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Twitter’s decision to ban political advertising on its platform is a welcome move. Some commentators dismiss the significance on the basis that Twitter doesn’t carry a great deal of such advertising, with income streams a fraction of those of Facebook. But even accepting this and the calculated PR halo this announcement created, if you dismiss it you risk missing the point.
Digital advertising provides an incredible opportunity for advertisers to reach consumers effectively and efficiently. The benefits of targeted advertising are sometimes lost in the debate over the use of personal data. While consumers still see advertising as a positive thing with some downsides rather than a negative thing with some upsides, advertising still languishes beneath banking and politics on the issue of trust. That’s just not good enough. As an industry we must do more to address the issues of obtrusiveness and bombardment of advertising we all experience online. We’re responding to that challenge on behalf of our members and our industry with proposals being set out in the coming weeks and months.
However, despite this clear challenge, consumers and advertisers understand that the adverts they see and produce are held to a standard of being legal, decent, honest and truthful. The same cannot be said of political advertising, with the Advertising Standards Authority’s remit not covering political advertising. A lack of political will from the main political parties means the laws governing political advertising are archaic and unfit for the age of digital advertising. In short, the same politicians that call for further advertising restrictions do not see fit to hold their own advertising to the same standards.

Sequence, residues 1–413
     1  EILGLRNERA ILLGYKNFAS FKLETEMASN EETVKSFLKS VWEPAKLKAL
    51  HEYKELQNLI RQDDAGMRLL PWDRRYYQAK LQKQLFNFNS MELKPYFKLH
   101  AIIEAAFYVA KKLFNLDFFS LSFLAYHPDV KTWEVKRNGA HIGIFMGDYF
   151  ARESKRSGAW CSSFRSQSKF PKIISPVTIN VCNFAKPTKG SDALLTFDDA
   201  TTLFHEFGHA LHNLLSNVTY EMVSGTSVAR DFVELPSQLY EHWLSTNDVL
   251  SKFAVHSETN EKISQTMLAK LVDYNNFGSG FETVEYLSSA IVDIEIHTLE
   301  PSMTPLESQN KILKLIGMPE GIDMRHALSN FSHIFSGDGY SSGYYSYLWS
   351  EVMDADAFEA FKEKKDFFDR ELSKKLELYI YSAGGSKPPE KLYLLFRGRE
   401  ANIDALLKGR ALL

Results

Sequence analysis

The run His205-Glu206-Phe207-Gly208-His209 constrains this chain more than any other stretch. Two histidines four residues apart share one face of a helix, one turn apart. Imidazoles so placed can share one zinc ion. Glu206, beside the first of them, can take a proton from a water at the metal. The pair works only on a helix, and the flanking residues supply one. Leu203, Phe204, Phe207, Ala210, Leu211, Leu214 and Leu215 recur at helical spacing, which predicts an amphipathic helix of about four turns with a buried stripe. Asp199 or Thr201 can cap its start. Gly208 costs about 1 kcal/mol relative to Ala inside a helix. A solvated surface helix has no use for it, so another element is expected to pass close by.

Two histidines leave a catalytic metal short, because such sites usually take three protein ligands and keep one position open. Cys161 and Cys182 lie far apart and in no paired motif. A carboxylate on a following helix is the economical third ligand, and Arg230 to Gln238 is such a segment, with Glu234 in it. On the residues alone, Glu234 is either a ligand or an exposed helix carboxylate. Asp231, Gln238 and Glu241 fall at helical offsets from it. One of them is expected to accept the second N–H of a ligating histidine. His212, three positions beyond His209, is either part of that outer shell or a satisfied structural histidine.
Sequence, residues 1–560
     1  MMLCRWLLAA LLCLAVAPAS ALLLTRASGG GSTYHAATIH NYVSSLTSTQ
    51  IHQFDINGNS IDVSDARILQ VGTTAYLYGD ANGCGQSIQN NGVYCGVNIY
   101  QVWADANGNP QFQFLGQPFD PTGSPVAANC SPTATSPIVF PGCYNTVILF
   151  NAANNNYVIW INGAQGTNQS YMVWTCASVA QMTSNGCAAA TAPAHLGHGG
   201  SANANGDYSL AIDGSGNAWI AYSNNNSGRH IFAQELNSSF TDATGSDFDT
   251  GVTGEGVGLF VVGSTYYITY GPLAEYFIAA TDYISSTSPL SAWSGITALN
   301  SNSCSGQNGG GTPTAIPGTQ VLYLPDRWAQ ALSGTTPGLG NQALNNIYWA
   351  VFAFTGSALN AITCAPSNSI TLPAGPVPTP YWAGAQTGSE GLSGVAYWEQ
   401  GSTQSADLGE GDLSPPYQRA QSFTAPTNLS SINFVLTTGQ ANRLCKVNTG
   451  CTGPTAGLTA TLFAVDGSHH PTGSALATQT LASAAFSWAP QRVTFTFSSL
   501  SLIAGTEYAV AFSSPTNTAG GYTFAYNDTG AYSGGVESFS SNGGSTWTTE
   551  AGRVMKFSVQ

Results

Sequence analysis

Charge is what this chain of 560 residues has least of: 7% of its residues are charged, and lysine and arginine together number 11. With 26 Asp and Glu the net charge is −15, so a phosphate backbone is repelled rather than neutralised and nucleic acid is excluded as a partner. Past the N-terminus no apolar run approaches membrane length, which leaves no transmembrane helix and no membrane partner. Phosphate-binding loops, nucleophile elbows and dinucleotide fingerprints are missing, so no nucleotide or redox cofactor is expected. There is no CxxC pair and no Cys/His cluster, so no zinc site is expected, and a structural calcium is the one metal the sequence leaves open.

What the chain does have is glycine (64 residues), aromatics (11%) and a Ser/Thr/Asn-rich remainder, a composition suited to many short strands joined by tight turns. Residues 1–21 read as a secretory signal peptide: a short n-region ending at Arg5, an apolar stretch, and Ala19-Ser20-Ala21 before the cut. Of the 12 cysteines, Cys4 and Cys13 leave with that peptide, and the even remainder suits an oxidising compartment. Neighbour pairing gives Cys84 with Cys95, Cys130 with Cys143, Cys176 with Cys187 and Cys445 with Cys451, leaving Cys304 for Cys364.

In that context the move by Twitter is hugely relevant. Facebook’s answer is transparency in the form of an online library of political advertising appearing on their platform. The challenge comes in marrying the benefits of digital advertising with a healthy democracy. Regardless of how much money you take from political advertising, recognising the threat to the democratic system either through misinformation or interference from foreign states adds to the pressure for wholesale reform. I agree that social media platforms should not carry the burden of becoming the arbiters of truth, legislation must provide the floors and ceilings for them.
That’s why we support the Coalition for Reform of Political Advertising and their four point plan. The home for reform should – in our view - be the Electoral Commission. We can’t solve this issue before the upcoming election. So, in the meantime we support other organisations in calling for Facebook and Google to pause political advertising for the duration of the campaign. But, when we get through this General Election, politicians must grasp the nettle and hold political advertising to the same standards as they expect from our members.